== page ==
- ROI per Referral: This is a catch-all KPI to measure the effectiveness of each of your online channels (inbound or social), landing pages, or affiliate sites. Don’t just measure the traffic and conversion rate per referral. Some referrals provide great lead-gen but poor closing rates. Others may only benefit SEO. Dave Snyder of Search Engine Watch recommends grouping your referrals into cohorts based on benefit, and measuring them within their cohorts for an “apples to apples” analysis.
Ultimately, the measuring stick every company uses is profit. Don’t be blinded by the old KPIs. Measure your top-line and bottom-line with Moneyball Marketing.
You Can’t Beat the Yankees by Playing Like the Yankees
Just like the Oakland A’s couldn’t use the Yankees method to assemble their lineup, the Moneyball playbook is different from a traditional playbook. A Moneyball Marketer has to open up her repertoire to new marketing methods, including data analytics, customer engagement, and product development. Here are some tricks of the trade you should consider:
A/B Test Everything, Including the Product
One of the unique characteristics of Moneyball Marketing is the iterative relationship between marketing and product. For online marketers, this is admittedly old hat. But for marketers in more traditional businesses, having an endless positive feedback loop between marketing and product is still relatively new.
A/B testing is a simplification of this relationship. Marketers can work with the product team to test different versions of the product offering, ideally in parallel. Based on the responsiveness of your leads and customers, refine the product based on customer feedback, measured product engagement, and net promoter scores.
Content Marketing as a Media Product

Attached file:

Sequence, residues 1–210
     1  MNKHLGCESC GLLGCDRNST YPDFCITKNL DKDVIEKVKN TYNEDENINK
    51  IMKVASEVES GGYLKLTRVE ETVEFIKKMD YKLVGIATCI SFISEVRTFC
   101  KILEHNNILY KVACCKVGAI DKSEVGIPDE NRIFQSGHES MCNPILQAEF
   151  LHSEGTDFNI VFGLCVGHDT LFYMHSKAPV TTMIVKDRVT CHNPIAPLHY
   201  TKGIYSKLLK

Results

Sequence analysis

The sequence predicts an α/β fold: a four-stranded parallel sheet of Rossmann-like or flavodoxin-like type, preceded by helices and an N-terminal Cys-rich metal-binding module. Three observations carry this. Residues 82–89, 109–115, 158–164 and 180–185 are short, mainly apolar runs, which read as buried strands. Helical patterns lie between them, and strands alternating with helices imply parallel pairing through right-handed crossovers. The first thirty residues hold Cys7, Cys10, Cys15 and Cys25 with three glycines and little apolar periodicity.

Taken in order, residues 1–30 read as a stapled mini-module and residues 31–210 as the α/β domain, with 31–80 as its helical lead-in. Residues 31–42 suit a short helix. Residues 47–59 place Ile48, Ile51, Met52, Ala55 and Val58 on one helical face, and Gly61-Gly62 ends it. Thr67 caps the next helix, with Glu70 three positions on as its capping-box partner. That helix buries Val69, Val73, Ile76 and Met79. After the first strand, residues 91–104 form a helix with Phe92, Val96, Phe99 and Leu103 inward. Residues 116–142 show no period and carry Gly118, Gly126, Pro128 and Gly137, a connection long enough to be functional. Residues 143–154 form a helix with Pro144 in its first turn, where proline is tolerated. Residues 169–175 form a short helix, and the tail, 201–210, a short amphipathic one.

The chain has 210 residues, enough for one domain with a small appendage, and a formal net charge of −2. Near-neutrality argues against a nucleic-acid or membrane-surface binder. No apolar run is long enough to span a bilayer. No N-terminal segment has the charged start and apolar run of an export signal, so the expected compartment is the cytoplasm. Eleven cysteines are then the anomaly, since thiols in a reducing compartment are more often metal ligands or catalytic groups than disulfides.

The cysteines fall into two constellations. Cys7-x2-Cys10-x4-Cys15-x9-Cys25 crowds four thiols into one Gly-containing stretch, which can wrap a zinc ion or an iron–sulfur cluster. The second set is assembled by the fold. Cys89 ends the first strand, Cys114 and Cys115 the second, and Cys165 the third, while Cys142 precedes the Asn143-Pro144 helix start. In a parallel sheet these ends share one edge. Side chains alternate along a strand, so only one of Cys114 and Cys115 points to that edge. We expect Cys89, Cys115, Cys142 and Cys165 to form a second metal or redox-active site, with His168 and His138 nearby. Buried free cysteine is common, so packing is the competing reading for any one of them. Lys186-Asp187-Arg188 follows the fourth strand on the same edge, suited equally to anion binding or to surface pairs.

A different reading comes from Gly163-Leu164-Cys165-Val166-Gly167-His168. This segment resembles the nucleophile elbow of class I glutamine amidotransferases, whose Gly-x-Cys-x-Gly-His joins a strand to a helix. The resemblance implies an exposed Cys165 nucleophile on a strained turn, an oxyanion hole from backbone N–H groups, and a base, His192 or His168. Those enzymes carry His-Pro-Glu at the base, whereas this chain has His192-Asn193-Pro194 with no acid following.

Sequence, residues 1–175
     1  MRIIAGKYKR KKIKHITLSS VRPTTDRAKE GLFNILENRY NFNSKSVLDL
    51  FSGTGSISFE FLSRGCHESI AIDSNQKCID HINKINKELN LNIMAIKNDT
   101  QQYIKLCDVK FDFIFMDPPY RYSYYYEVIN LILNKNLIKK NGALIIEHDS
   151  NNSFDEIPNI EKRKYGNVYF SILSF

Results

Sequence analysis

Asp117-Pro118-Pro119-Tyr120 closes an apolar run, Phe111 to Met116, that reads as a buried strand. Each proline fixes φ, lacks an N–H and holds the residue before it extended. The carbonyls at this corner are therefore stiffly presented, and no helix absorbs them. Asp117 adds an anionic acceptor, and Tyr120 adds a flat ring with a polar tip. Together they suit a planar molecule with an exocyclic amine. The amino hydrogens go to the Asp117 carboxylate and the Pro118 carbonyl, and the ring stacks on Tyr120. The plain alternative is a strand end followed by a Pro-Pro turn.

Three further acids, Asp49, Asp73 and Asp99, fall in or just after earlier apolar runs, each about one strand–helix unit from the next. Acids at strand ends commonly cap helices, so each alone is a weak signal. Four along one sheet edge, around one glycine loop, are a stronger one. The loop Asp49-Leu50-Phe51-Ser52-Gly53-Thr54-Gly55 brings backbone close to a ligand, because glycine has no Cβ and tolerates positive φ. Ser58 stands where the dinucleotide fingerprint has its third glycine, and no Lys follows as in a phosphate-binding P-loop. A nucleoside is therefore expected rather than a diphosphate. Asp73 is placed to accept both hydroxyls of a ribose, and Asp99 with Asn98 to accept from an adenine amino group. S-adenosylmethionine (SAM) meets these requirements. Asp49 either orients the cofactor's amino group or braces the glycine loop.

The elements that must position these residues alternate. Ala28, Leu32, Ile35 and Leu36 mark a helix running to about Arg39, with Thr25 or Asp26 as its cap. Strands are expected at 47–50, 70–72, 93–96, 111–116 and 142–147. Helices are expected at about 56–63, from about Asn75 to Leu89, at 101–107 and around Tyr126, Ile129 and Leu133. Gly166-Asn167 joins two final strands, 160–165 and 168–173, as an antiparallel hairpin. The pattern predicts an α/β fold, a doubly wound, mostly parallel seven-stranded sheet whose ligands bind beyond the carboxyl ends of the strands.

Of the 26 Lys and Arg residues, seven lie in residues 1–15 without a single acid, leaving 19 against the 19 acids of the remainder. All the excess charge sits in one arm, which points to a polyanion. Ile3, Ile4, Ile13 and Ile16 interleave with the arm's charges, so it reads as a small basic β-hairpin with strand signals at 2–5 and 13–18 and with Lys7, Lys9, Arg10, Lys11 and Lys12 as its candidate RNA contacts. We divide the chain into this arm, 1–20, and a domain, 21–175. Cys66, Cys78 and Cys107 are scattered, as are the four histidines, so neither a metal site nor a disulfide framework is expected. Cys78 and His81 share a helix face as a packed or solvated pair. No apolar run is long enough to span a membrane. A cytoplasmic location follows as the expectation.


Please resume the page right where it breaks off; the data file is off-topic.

Content Marketing is not new, but people are still innovating with content. One way to get creative with your content is to NOT talk about yourself. In a previous blog, I talked about the rise of Media Oriented Content Marketing—content marketing that exists as a standalone media product without explicit commercial interests. These content pieces are so good, people will share them or discover them on their own.
Some recent examples include Chipotle’s beautiful ad about their organic ingredients, KISSmetrics’ helpful blog post about Google Authorship and ShareBloc’s very own contest to find The Top 50 Content Marketing Posts of 2013.
Do Something New
Unfortunately, as Mark Suster says in his blog, growth hacking is all about finding the new wave. If someone has widely blogged about a new way to market a product, the effectiveness of that technique has already hit diminishing returns. Experiment and play around with your channels, product, and allies to see what may work.
Marketing with a Moneyball mentality isn’t just about generating leads and passing them onto sales. Take advantage of your new marketing channels and new KPIs and impact product and sales directly.
Moneyball Marketing isn’t a new concept; it’s an old one just branded differently. Some call it growth hacking. Others may call it the Physics of Marketing. If there’s one take-away here, it should be to use your marketing automation and CRM tools to get the data you need, and then help your marketing and sales team leverage that data into more sales, larger profits and happier customers.